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Bird Conservation: A Total Eclipse of the Heart

Updated: 6 days ago



Solar eclipse April 8, 2024

Total eclipse as seen from Missouri in the USA on April 8, 2024


Driving through Missouri this week, my spouse and I were in search of a restful place to watch the total eclipse. We ended up on a rural hilltop cemetery and church with a handful of people. Watching the darkening of the day together, most of us started as strangers and ended as much more than a transitory gathering, but something stronger -- bonded in awe and love of this life and earth.


Solar eclipse viewed from cemetery

Cemetery view of eclipse April 8, 2024


I needed this unfathomable celestial event because the shadows of parrot conservation seems to be growing longer and deeper these past weeks. I recently wrote of our nests in Honduras that were poached and the confiscation of 240 eggs in Panama. But it is not just Central America that is being rocked by the international, illegal parrot trade, but South America as well.


Suriname has especially been in the news recently. In July 2023, 29 Lear’s macaws were confiscated in Paramaribo. These are endangered parrots from Brazil, and they are not supposed to be trapped or traded in or out of Brazil or Suriname. In December, 330 birds left Suriname and arrived in Sri Lanka, prompting a coalition of organizations to protest this illegal movement of birds. In February, more animals, including Lear’s macaws, were confiscated in the African country of Togo, having originated in Suriname. Also in February, Ukrainian women were detained for trying to smuggle Lear’s macaw eggs into Suriname from Brazil.


One journalist wrote, "Suriname and Guyana, apparently, are the main routes for these animals to leave South America. Europe and Asia are the main destinations. Togo was probably just on the transit route. “


We have projects in both Suriname and Guyana and we experience the constant loss and harm caused by the international trade with a range of emotions, as expressed in the words from Bonnie Tyler in the song, “Total Eclipse of the Heart,”

 

Every now and then, I get a little bit angry

And I know I've got to get out and cry

Every now and then, I get a little bit tired

Of listening to the sound of my tears

Every now and then, I get a little bit restless

And I dream of something wild




My wild dream is that our global cultures no longer accept the domination of any being under the guise of care. The world and its beings, including humans, have seen enough of this lack of freedom. I truly believe there are much better ways to organize human societies, though I alone cannot discern the how and why for any other peoples or places. It will take a group of us to form something stronger bonded in awe and love of this life and earth.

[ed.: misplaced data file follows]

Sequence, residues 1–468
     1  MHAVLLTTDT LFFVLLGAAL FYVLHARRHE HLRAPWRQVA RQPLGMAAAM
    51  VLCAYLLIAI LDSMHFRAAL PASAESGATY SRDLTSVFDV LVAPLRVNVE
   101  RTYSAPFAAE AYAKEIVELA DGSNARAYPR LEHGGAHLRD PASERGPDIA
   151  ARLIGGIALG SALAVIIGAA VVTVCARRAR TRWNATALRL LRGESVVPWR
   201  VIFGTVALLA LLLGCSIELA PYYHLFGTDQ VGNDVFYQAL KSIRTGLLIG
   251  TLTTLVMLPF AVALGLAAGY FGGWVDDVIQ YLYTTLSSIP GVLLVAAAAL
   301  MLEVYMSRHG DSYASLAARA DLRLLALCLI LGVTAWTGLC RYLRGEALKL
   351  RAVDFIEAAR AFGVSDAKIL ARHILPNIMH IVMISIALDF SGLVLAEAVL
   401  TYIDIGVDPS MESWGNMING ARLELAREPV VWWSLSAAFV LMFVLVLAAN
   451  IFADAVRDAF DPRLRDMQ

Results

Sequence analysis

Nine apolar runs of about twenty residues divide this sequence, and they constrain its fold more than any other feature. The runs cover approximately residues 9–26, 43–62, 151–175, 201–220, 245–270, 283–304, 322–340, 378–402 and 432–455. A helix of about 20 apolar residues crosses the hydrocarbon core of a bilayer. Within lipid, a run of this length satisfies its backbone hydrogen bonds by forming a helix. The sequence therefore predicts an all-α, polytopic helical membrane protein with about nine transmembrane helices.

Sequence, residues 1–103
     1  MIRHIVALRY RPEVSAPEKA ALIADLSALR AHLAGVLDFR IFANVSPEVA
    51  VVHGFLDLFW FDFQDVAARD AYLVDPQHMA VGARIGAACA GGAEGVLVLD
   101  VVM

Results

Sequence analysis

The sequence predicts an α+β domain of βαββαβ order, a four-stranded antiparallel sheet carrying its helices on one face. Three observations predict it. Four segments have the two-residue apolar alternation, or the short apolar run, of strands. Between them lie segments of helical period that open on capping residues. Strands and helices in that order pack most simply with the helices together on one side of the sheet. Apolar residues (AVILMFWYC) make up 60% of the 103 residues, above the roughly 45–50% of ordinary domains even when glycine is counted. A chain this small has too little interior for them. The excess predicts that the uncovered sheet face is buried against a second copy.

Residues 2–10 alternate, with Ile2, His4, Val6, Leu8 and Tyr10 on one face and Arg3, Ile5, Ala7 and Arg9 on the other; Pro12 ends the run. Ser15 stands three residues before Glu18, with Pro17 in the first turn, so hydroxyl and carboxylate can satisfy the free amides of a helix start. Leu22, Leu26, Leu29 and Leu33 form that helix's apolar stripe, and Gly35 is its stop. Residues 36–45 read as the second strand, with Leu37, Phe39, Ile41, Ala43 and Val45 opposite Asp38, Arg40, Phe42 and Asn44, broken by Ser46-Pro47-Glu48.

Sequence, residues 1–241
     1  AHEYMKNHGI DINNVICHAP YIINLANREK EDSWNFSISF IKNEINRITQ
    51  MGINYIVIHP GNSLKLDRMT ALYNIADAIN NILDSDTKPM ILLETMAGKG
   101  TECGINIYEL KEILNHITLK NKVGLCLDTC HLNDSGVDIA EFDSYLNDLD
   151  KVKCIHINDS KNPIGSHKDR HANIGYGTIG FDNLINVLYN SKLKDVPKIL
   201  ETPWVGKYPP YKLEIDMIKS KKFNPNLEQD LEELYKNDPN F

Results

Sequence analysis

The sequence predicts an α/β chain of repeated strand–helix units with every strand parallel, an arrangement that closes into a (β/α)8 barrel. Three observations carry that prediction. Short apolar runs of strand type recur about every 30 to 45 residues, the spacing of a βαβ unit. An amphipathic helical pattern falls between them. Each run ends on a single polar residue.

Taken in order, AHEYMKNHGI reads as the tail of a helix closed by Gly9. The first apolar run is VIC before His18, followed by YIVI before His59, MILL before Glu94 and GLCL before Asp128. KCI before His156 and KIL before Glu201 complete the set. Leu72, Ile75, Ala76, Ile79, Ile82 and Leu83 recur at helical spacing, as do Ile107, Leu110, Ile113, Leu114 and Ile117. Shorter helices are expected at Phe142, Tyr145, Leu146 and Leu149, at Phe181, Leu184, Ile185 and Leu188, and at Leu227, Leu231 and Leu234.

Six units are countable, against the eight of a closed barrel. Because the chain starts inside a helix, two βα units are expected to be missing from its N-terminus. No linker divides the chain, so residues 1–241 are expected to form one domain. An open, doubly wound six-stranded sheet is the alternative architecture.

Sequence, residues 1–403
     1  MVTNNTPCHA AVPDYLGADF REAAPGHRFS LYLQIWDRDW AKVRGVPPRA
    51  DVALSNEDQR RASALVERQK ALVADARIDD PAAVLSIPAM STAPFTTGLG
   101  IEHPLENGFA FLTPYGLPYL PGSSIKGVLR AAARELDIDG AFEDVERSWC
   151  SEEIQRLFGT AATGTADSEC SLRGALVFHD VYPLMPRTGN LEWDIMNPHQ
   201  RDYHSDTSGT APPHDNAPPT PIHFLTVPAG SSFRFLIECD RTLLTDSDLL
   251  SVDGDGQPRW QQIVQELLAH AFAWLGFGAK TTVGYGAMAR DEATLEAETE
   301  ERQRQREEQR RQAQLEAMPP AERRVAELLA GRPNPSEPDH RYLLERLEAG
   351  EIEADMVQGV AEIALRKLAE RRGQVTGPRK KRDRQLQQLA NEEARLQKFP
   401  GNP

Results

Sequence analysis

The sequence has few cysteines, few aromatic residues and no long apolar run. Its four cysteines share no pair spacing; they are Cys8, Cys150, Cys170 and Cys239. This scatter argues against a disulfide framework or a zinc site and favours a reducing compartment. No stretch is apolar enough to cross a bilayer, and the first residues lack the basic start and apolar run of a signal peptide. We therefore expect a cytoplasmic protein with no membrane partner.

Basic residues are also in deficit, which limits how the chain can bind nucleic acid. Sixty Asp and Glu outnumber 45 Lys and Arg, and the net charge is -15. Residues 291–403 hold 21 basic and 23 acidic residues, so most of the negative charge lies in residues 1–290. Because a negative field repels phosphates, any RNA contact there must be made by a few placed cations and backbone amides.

This is what we are trying to do at One Earth Conservation and with our Parrot Conservation Corps. As we did on the hilltop under the eclipse, where the horizon’s light looked like the sun setting in a circle surrounding us, let us keep turning around in amazement. May we be vigilant to see the beauty and tragedy ever with us, in sky and in feather, and perhaps we might just one day turn this whole mess around.


And we need each other now

And we need each other more than ever

(Turn around)

We'll only be making it right

'Cause we'll never be wrong

Together, we can take it to the end of the line

(Turn around)

(paraphrased from "Total Eclipse of the Heart")


Counting parrots in our project area in January 2024 - Kalebaskreek Village, Suriname


Concretely, what can we do now? Changing our relationship to others and being in solidarity with all of life is important work for transformative conservation. It is no small thing to step out of our routines and invite wonder into our days. Finding ways to experience the beauty around us and taking moments to express gratitude is a conservation activity. One Earth Conservation leads Birding for Life Walks and is in the process of publishing a book, "Birding for Life," that guides people in how to connect and conserve.


We invite you also to NOT buy parrots, adopt instead, and donate time and resources where you can. We'd love your support for our project with indigenous villages in Suriname. We are working with partners there to see what they need to help Suriname reduce the harm caused by their wildlife trade. You can also read and distribute this guide that addresses how to reduce the harm of the trade in Suriname.



This is the new logo for Kalebaskreek featuring a blue-and-yellow macaw


Please pass on information and news about the wildlife trade and get involved with campaigns that expressly aim to diminish the harm caused by keeping birds in cages (more information is available at the website for the International Alliance for the Protection of Parrots).





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